Table 2: Association of climatic factors with leaf roller infestation during 3 years.
3.3. Regression Model

Linear regression analysis revealed that measured environmental variables have significant effects on leaf roller pest densities ( ) confirming results of correlation analysis. The importance of relative humidity and pest incidence for explaining significant portions of the independent variable for densities of leaf roller is also emphasized. The stepwise regression analysis constructed to investigate the abiotic factors contributed the most to the variance of the leaf roller population (Table 3). Regression analysis showed that minimum humidity recorded from the study location significantly contributed to the population variation of the pest (28% in 2008-2009, 69% in 2009-2010, and 64% in 2010-2011). Similarly, maximum humidity also significantly and positively contributed for variations in the population buildup (35% in 2008-2009, 54% in 2009-2010, and 32% in 2010-2011). Analysis also showed that the maximum temperature significantly and negatively contributed to the variation of leaf roller population (17%, 12%, and 44% for 2008-2009, 2009-2010 and 2010-2011 resp.). The optimum regression model indicated the strong influence of maximum humidity and minimum humidity on variation in pest population in mulberry plantation. The forecast model can be used to predict the initiation and “red alert” season of the pest attack. This serves as a scale for the sericulturist to adopt effective crop protection measures at the appropriate time.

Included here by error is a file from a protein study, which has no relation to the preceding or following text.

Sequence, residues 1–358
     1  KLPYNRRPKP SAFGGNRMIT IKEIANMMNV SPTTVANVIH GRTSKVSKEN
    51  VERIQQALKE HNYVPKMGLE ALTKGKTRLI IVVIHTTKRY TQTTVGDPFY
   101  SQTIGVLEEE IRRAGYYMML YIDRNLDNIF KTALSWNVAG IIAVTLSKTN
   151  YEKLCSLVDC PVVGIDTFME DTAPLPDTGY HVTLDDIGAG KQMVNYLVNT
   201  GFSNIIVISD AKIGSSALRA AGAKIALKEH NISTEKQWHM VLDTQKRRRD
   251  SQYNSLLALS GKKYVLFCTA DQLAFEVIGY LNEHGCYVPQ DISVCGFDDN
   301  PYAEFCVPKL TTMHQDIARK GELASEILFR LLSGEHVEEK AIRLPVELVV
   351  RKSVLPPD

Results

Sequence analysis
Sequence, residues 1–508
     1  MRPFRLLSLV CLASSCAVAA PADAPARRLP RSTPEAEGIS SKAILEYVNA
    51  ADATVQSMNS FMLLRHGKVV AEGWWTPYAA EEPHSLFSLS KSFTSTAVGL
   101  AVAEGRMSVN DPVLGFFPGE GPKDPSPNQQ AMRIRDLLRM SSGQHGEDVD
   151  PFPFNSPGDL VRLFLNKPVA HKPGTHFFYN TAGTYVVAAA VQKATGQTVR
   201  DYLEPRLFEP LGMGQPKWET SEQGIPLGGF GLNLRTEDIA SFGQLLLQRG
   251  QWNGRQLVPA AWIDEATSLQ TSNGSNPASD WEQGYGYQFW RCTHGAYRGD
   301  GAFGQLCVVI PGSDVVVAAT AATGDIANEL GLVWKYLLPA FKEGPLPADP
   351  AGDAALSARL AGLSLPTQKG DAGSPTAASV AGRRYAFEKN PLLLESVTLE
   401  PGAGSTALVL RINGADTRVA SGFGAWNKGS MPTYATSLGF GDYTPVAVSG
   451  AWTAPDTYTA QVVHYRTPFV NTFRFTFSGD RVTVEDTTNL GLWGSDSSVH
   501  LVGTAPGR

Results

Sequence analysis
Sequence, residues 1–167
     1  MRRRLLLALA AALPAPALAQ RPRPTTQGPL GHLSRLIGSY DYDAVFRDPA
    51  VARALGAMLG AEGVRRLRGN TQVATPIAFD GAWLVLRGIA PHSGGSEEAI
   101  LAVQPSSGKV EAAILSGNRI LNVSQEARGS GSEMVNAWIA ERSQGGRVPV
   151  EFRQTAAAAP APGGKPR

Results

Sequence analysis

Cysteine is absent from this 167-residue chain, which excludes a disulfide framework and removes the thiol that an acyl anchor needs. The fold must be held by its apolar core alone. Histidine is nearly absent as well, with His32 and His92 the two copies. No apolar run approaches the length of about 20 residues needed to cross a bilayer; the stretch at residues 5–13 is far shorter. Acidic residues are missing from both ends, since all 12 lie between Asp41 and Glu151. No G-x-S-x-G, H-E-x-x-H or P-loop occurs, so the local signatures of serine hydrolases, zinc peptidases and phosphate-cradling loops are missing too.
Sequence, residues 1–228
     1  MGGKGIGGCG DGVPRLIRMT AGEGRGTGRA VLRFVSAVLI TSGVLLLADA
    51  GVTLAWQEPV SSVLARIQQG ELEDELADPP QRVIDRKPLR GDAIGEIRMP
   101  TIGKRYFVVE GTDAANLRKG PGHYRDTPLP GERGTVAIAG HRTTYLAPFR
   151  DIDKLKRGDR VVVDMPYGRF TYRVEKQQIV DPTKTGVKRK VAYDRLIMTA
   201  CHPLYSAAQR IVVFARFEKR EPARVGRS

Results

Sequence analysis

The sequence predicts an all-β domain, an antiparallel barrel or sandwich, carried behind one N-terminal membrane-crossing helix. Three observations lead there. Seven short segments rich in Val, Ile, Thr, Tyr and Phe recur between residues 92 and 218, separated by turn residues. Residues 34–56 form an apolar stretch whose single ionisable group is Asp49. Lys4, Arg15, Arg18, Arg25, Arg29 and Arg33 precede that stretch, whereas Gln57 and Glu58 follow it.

tab3
Table 3: Regression model developed for Leaf roller infestation.

Timing of the insect pest appearance varies, depending on differences in temperature throughout the years, which makes the pest’s forecasting and management difficult. One way to promote our understanding of the phrenology of Diaphania pulverulentalis is to develop a population dynamics model that explicitly incorporates temperature-dependent development. Indeed, models for temperature-dependent development of insect pests have been widely used as decision-support tools to improve the efficiency of pest management.

Forecasting the peak abundance of pest and diseases in advance helps in timely management of crop pests. The correlation and multiple regression analysis clearly showed the importance of weather factors in the pest incidence. Among the models regression can be used for forecasting the pest and also these models can be utilized in agroadvisories after validating with individual seasonal data.